I have been enjoying Ken Burn’s series on the National Parks and if you haven’t seen it, you are really missing some great TV. As someone who has visited 21 National Parks (out of 58 according to Burns and 60 according to the National Parks Conservation Association) and whose Passport to the National Parks has a total of 102 stamps, I have been waiting to see this program for a long time.
When I started collecting stamps in 1997 there were, if I recall, about 360 units of the parks service and my goal then was to see them all. Besides the national parks, the units include National Monuments, Lakeshores, Historic Sites, Trails, Parkways, Rivers and so forth. You can see a whole list of the types of units and how they are defined on the website of the NPCA. Over the years, the number has changed and now my target is 391, but I fear that this is an elusive goal and I may have to be content to visit just a large percentage of the total number.
Living in the Midwest, achieving my goal has been a challenge. My passport thrived the one year we lived in Northern California when my husband did interim work in Sacramento. Winter and summer vacations have helped, too, but if you look at a map of National Parks in the Great Lakes Basin, you will only see Cuyahoga Valley near Cleveland, Ohio, and yes, I have been there.
In Wisconsin, we have no park but we do have the Apostle Islands and the St Croix River sites (and yes, I have been to both) and some scenic trails. Michigan does better with Isle Royale which is a National Park and, Pictured Rock and Sleeping Bear Dunes Lakeshores (no, none of these yet) as well as several historic sites. Indiana has the wonderful Indiana Dunes Lakeshore, which I have visited often. Illinois. Ohio and New York’s sites, at least the ones near the Great Lakes, are mostly historical (and yes, I’ve been to several of them).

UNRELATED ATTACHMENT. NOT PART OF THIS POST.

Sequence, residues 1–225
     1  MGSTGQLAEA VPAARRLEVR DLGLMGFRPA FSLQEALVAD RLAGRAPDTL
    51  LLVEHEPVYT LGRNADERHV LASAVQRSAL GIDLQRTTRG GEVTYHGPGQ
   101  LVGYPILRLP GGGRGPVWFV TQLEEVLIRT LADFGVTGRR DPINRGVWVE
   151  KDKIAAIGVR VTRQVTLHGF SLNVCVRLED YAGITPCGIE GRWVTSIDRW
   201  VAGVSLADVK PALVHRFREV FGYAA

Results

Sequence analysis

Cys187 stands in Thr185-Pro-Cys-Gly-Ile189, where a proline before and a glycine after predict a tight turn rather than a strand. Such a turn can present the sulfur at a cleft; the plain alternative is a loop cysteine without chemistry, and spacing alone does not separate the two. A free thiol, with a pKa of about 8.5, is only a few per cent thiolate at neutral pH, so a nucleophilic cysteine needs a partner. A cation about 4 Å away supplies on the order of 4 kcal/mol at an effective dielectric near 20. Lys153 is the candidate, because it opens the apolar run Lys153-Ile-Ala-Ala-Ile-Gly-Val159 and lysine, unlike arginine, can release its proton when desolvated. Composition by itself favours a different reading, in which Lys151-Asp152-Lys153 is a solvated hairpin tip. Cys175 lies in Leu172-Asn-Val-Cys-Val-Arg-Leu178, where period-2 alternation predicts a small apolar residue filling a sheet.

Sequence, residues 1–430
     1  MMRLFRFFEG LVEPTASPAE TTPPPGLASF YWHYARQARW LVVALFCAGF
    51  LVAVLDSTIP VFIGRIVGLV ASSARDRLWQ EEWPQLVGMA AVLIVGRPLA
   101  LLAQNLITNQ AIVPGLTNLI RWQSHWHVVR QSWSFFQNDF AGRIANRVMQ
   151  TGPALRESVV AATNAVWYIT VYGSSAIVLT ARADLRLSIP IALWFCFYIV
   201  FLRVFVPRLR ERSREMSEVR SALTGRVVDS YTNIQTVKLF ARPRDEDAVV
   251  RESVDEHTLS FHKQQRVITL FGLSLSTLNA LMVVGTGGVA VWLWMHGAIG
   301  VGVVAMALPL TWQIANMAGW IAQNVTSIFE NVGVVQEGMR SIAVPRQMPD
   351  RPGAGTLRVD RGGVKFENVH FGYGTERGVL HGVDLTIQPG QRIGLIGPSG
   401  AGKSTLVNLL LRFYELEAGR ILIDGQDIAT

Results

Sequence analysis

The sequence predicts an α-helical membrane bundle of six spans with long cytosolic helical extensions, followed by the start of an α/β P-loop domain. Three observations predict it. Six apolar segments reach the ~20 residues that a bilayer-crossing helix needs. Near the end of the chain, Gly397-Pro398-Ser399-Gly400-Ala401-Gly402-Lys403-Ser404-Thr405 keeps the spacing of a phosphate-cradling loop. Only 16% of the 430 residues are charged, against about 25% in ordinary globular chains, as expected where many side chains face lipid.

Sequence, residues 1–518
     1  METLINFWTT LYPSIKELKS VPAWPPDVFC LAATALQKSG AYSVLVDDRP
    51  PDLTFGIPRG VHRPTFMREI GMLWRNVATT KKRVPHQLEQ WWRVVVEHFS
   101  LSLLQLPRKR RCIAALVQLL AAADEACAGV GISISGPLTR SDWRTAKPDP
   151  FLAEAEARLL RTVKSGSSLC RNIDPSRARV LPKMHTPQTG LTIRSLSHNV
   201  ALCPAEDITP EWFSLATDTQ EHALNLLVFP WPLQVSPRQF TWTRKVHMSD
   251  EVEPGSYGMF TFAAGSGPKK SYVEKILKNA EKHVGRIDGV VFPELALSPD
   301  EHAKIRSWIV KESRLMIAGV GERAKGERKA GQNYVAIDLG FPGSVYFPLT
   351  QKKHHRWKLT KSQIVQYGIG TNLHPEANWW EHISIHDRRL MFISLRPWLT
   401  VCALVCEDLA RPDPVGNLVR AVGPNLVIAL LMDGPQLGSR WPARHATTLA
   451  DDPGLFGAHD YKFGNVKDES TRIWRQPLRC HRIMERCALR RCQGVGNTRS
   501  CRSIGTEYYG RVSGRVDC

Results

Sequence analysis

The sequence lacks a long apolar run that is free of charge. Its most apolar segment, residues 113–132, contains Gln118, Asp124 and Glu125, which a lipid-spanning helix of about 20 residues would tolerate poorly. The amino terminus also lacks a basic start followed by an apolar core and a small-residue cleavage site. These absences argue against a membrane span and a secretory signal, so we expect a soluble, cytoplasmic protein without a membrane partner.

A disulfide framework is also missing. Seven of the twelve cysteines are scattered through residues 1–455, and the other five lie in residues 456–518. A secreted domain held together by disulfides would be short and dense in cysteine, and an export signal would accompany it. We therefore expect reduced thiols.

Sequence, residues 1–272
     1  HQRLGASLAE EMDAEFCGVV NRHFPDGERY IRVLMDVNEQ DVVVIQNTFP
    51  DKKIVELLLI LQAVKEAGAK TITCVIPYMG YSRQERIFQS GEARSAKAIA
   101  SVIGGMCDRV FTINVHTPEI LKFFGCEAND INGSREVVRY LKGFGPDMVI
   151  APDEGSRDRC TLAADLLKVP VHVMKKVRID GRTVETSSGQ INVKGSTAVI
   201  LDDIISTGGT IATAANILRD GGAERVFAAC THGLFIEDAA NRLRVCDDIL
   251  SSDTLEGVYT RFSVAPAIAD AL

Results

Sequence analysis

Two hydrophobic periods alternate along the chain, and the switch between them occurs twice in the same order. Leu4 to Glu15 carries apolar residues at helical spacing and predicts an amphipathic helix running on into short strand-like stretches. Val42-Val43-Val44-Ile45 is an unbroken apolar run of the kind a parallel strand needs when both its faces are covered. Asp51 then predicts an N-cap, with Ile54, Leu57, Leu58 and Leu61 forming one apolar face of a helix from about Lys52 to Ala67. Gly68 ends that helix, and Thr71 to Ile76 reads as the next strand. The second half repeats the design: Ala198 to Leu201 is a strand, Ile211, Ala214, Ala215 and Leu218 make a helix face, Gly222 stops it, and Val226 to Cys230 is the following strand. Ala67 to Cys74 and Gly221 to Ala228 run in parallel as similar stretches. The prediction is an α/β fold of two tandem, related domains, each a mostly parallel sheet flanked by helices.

What has been interesting about Burn’s series, besides the fabulous photos, which make me wish for the very first time I had HDTV, has been the historical perspective on the development of the parks. Often just one determined person was influential in convincing our government to preserve parts of our country for the masses, regions that for other individuals could have been sources of great wealth in mining and forestry rights. Even today, these fights go on and I frequently get email requests from NPCA or the Sierra Club asking me to tell my Senator or Congressman what I want him to do to preserve our natural heritage.
Imagine if someone were to create a Great Lakes National Park. What would it include? It would be bigger than France and the United Kingdom combined, and would be both above ground and underwater. It would include sand dunes, Carolinian and Boreal forest, wetlands, and a variety of geological formations. It would be rich in fresh water, minerals, plants, and animals. I can only imagine what controversy such a proposal would create. Just look how hard it was to pass the Great Lakes Compact. No, I don’t expect that to ever happen. Still, just imagine having that stamp in my passport.
By the way, the National Park of American Samoa is one of the 58 (or 60) national parks. I wonder how it has fared following the earthquake this week. Well, I hope.